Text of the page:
In hindsight, Saroyan's emergence onto the California literary plain
was epochal. The tradition of 19th century naturalism exemplified by Ambrose
Bierce, Frank Norris and Jack London was eclipsed by Saroyan's sensibilities.
In San Francisco in the 1930s, a variant of that naturalist strain was prominent
in the work of Dashiell Hammett, the city's then-foremost author. The dark,
sinister cast of Hammett's world was challenged by the light, playful garrulousness
and optimism of Saroyan. It presaged a new attitude which would would prevail
in the literature of the state and the region for the next six decades.
I'm reminded of the incident in the early 1950s when a suddenly-timorous Jack Kerouac reportedly met Saroyan and exclaimed, "So you're the man who wrote 'The Summer of the Beautiful White Horse.' I've never forgotten that story!" That meeting, one could suggest, was inevitable. All the ingredients the Beats would incorporate into their canon had a germinal precedent in Saroyan's work: Rexroth's and Ferlinghetti's recognition of San Francisco's cultural civility and bohemian possibilities; Kerouac's interior monologues, frenzied energy and catch-all structureless narratives; and the Beat poets' looking toward the collected wisdom of Asia and its intermixed infusion of philosophical acceptance, respect for the earth and simplicity of style. The wondrous California immigrant experience Saroyan detailed was a departure from the hardscrabble, menacing accounts of his literary predecessors. The notion of a welcoming new land open to individual experimentation was given a necessary new spin by Saroyan, an interpretation which proclaimed that a dazzling, lightsome place existed just over the horizon. It's this sense of a region of vast and dramatic perspectives existing in geological time -- the "Voyald," Saroyan called it -- which he has bequeathed to the writers who have since trekked west.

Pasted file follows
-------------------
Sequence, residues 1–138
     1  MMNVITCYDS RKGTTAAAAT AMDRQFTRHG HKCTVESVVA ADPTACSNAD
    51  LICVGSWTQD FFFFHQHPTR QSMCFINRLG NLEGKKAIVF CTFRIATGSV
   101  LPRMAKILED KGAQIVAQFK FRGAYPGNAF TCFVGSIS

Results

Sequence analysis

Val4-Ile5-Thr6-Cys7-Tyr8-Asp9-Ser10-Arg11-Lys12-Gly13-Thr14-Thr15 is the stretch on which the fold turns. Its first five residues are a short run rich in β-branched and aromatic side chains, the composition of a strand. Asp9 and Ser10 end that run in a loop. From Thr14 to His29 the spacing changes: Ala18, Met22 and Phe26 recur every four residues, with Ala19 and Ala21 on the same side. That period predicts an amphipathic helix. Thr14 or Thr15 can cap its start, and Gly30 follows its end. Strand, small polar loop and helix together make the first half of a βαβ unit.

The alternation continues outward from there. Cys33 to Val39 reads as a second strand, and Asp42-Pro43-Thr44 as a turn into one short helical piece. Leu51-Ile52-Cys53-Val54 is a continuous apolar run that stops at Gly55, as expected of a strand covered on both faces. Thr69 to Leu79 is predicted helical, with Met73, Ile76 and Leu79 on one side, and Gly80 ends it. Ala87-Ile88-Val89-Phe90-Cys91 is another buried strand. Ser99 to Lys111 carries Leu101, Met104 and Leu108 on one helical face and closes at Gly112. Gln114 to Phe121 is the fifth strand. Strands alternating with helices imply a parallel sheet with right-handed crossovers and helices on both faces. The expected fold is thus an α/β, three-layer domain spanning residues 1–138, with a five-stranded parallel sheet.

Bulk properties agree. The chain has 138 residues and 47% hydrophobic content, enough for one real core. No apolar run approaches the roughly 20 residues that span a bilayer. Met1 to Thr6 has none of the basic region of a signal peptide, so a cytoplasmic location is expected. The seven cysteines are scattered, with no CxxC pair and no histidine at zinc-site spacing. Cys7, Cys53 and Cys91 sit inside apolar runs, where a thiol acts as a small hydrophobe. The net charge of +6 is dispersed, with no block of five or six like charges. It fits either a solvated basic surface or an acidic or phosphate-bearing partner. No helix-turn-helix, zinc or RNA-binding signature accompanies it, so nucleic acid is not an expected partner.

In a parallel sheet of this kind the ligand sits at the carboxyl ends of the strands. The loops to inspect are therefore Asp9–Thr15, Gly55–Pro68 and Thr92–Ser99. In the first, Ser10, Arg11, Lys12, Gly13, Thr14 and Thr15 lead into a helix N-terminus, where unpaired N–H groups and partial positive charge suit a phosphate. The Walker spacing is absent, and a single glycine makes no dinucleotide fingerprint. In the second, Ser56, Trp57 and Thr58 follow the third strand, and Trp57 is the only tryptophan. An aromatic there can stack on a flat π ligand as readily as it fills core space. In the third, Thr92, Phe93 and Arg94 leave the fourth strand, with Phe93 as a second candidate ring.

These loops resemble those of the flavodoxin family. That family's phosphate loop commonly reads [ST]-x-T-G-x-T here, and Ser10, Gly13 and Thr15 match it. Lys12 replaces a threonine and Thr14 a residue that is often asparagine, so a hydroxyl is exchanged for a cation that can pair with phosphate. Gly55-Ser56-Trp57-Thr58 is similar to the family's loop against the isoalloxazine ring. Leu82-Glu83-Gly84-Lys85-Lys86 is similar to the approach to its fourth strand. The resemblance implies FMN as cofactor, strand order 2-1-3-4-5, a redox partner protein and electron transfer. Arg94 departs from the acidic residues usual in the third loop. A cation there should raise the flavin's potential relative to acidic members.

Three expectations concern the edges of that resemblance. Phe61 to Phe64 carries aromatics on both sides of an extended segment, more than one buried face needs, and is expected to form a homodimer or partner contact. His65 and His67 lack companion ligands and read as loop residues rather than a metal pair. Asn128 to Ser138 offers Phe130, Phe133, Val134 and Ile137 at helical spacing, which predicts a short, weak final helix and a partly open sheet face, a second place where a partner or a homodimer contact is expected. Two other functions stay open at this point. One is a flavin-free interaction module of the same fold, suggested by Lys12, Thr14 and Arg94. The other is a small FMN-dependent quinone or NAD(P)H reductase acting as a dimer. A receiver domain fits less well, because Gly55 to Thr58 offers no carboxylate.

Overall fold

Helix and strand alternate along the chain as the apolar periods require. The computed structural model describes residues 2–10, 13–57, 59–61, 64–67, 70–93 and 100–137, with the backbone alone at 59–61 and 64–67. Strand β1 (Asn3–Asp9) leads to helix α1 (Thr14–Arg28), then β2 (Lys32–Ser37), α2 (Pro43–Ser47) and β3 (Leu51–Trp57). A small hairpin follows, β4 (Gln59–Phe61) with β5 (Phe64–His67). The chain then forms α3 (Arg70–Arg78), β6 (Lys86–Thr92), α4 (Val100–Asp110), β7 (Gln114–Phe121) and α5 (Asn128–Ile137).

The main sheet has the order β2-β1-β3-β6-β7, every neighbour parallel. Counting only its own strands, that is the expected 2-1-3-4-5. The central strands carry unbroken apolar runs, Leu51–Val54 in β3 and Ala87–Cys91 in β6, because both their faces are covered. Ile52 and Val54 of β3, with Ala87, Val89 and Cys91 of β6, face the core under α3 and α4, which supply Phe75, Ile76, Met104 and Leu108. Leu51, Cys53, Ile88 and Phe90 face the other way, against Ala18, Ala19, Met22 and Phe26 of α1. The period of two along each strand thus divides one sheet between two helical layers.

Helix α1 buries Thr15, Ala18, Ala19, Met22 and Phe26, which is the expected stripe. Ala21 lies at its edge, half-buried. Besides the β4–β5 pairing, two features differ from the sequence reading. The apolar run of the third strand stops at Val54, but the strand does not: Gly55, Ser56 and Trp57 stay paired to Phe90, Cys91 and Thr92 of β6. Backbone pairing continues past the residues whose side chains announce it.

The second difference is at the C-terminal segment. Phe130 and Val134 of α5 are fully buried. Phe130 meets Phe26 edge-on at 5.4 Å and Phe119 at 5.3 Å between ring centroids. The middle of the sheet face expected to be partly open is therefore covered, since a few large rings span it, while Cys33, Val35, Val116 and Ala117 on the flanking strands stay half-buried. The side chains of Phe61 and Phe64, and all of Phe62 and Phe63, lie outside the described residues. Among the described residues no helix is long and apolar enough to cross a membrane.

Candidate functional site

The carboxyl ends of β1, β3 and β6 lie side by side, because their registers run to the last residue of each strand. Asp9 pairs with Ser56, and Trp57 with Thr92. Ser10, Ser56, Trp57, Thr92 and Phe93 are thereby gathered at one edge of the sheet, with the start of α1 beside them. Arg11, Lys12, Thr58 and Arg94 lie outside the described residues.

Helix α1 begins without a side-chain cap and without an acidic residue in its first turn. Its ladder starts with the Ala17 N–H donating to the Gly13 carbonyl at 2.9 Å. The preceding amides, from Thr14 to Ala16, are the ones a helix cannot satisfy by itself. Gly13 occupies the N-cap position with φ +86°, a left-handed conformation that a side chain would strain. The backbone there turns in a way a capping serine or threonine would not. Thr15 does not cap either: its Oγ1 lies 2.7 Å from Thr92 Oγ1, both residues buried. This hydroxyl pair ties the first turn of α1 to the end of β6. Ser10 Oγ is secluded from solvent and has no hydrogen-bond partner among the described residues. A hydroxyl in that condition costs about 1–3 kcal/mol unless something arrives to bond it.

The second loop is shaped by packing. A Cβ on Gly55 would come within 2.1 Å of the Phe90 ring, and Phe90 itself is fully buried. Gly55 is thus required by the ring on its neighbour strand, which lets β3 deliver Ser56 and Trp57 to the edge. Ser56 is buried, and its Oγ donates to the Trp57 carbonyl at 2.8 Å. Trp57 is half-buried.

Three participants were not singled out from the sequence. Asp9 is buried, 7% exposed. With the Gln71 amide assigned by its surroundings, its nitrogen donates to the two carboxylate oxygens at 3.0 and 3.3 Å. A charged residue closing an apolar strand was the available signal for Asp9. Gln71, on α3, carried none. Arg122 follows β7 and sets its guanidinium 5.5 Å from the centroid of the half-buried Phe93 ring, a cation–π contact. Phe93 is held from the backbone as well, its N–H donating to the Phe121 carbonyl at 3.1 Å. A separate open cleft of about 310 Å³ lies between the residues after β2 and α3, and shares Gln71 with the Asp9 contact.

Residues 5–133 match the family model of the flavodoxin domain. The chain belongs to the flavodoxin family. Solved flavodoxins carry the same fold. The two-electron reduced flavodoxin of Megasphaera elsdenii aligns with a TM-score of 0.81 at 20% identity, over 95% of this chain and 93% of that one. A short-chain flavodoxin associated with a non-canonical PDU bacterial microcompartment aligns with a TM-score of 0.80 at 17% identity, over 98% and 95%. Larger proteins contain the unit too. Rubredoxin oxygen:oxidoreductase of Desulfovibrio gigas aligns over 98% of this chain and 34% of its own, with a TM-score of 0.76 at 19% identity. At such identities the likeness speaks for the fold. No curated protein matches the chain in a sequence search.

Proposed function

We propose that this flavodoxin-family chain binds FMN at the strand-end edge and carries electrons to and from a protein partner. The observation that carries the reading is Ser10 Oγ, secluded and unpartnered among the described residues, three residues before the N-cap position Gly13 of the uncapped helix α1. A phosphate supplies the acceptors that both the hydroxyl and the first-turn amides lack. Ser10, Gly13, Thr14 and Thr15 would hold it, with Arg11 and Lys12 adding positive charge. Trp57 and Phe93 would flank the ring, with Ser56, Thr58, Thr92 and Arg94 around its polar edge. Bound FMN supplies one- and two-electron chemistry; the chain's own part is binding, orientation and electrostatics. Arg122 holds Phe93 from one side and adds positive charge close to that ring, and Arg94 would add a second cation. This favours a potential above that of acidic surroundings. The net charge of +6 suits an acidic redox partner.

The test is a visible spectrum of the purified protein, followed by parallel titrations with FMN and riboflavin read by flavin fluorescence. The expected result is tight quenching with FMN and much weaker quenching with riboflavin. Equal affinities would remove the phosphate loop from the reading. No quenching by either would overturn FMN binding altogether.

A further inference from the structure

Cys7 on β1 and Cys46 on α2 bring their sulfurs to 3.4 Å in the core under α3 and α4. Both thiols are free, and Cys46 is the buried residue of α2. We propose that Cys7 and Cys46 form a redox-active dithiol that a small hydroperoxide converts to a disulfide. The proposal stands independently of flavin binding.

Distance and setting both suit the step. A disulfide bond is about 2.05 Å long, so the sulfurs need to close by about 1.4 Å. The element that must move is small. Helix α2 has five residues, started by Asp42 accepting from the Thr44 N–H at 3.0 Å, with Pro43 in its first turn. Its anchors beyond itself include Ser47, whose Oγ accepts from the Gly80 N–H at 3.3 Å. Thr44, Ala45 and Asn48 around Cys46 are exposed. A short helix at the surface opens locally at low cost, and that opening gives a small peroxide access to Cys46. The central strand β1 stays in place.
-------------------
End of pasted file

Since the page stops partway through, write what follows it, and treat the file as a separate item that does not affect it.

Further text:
In turn, those beholden to Saroyan left their mark on the next batch
of literary emigrants. I once remarked to the uncommunicative Richard Brautigan
that his work was awash with Saroyanesque capriciousness. (I intended it
as a compliment and he took it as such, thanking me in three full sentences
-- two more than I had ever heard him utter in one sitting about anything.)
It is difficult to conceive of the hippie phenomenon coming about without
a Saroyan-like oeuvre as precursor, as well the cumulative ethos
of the ecology movement demonstrated by poets like Gary Snyder. Moreover,
what Saroyan added to the crucible of the writer defining his place upon
the landscape was a remarkable insight into the creative process: Always
walking the streets as if for the first time, noting nothing as insignificant
and everything as meaningless, relishing the feel of the typewriter keyboard,
crafting his words and himself as both a defiant and an absurd cackle at
the universe. To our good fortune, unlike his California contemporaries
Steinbeck and Robinson Jeffers (and John Muir before them), Saroyan brought
the city into that field of vision, initiating the onset of San Francisco's
I phoned him for an interview 25 years ago for a piece I was writing. "Well, hel-lo there," he boomed, "and how the hell are you!" I later sent him a copy of the article, adding a postscript consistent with puerile admiration, to the effect that I hoped he would go on forever. Obviously he has, and I guess it's my turn to say so.